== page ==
The issues before the court were: (a) whether by 1 March 1994 (when acquisition of title by adverse possession was abolished), the owners of 1 and 3 Bedok Rise had acquired the disputed plot through adverse possession; (b) If so, whether such interest could be defeated by the company's interest as bona fide purchaser under the LTA and whether the title to the disputed plot had become an unqualified title on 17 December 1998.

Held:

(1) In light of documentary evidence which showed that the disputed plot was not included as part of 1 and 3 Bedok Rise, the assertions of the present owners and those of the previous owner of 3 Bedok Rise must be tested by cross-examination in court: at [23] and [24].

(2) As of 1 March 1994, there were three categories of adverse possession claims; first, for land held under the common law system if the adverse possessor did not have 12 years of adverse possession as of 1 March 1994, he would now not be able to make a claim. Where he had the requisite 12 years, he could rely on s 177 (3) Land Titles Act 1993 (Act 27 of 1993) to preserve his possessory title. Second, for registered land under the provisions of the repealed LTA, the adverse possessor could rely on ss 172 (7) and 172 (8) of the new LTA. Thirdly, for registered land held under the provisions of the new LTA, no adverse possession claims were now allowed unless s 172 (7) or 172 (8) of the new LTA applies. Here, s 177 (3) LTA would protect the existing rights of the owners of 1 and 3 Bedok Rise if adverse possession of the disputed plot had crystallised before 1 March 1994: at [33].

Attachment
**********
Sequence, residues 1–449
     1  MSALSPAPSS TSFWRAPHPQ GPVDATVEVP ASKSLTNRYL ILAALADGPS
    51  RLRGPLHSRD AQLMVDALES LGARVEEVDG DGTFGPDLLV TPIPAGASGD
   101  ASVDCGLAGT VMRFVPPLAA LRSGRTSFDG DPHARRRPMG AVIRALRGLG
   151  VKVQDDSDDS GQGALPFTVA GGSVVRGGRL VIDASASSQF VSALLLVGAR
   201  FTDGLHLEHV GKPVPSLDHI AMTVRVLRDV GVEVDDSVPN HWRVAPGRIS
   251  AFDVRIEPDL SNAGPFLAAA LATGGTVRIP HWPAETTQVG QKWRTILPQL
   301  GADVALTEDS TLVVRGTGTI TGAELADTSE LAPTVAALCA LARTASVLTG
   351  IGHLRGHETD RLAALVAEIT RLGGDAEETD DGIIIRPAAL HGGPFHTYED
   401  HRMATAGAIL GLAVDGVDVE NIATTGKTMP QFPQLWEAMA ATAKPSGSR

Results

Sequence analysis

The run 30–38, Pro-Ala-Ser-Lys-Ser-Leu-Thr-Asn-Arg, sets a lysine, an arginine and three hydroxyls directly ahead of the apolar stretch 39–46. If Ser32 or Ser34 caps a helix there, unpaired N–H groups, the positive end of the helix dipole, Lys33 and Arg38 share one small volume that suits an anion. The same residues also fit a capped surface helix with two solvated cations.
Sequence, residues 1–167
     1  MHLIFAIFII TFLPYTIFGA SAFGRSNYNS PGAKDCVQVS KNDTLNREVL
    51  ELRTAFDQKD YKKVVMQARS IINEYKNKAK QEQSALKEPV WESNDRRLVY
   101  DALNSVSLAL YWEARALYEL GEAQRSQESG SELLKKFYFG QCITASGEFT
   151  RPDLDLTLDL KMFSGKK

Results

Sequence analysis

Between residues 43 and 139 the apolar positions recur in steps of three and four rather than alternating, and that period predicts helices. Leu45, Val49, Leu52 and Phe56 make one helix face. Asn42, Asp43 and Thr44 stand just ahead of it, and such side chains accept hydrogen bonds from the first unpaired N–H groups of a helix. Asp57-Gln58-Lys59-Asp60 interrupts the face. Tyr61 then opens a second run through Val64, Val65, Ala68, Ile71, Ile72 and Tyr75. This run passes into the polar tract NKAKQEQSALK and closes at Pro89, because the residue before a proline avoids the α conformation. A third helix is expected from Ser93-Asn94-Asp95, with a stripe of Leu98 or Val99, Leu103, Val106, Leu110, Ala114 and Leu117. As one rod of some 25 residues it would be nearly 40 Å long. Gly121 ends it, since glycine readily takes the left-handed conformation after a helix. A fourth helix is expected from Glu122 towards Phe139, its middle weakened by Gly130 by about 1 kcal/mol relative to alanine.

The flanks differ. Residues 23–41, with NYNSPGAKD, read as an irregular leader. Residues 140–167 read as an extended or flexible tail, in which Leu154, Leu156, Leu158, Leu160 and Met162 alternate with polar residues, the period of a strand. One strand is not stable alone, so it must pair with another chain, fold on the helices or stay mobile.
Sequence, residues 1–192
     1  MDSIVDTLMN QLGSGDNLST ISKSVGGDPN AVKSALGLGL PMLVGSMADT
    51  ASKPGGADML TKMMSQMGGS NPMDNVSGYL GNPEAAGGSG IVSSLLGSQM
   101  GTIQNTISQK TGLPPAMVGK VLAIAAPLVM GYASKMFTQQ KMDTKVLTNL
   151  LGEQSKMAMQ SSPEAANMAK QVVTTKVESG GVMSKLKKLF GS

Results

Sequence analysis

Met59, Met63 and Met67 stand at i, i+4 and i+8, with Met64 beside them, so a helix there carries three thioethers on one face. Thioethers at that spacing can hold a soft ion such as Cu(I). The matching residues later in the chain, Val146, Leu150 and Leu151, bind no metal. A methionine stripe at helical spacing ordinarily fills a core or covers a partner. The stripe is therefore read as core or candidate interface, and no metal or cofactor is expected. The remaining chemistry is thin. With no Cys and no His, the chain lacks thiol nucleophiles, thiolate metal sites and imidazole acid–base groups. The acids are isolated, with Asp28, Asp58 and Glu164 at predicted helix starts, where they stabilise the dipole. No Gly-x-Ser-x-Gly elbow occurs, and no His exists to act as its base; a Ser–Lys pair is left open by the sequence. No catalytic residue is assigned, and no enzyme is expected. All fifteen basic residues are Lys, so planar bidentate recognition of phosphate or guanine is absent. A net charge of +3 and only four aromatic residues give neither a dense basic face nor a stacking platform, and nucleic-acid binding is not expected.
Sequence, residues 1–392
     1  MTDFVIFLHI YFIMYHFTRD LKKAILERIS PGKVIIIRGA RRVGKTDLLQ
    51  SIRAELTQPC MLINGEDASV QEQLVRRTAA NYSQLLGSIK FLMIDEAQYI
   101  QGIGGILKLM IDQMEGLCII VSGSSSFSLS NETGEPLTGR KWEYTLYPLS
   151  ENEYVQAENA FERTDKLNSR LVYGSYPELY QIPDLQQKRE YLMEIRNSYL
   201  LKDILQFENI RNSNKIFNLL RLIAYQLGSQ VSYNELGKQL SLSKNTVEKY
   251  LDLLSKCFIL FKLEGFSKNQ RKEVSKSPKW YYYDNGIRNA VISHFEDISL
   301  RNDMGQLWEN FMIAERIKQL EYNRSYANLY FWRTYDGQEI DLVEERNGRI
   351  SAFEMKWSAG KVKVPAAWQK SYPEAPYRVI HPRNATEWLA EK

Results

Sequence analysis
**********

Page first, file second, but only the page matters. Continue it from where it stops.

(3) Section 177 (3) would apply despite the owners' failure to lodge caveats before the lapsing of caution. Accordingly, the adverse possessors' rights were preserved and the company's rights had been extinguished: at [41].

Tay Yong Kwang JC

1 These are four related originating summonses heard together and they concern a plot of land, one part of which has been assimilated by 1 Bedok Rise and the other by 3 Bedok Rise. The plaintiff in OS 1628 and 1629 of 2000 is a company (“the company”) which owns 7A Bedok Rise which adjoins both 1 and 3 Bedok Rise. The company claims against the owners of 1 and 3 Bedok Rise possession of the respective portion of the plot in issue together with an injunction to restrain them from remaining on the said plot, mesne profits and/or damages from the date of trespass until the delivery up of possession, interest and costs on an indemnity basis.

2 Originating Summons 1925 of 2000 and OS 600154 of 2001 are the actions by the owners of 3 and 1 Bedok Rise respectively against the company for a declaration that they are the owners of the relevant portion of the plot of land in question by virtue of adverse possession. They also seek an order that the Singapore Land Registry be directed to rectify the entries in the registry to exclude the plot in question from the title of 7A Bedok Rise.

3 The portion of the plot occupied by 3 Bedok Rise is about 48.10 m with an estimated market value of $210,000 while the portion occupied by 1 Bedok Rise is about 80.16 m with an estimated market value of $345,000.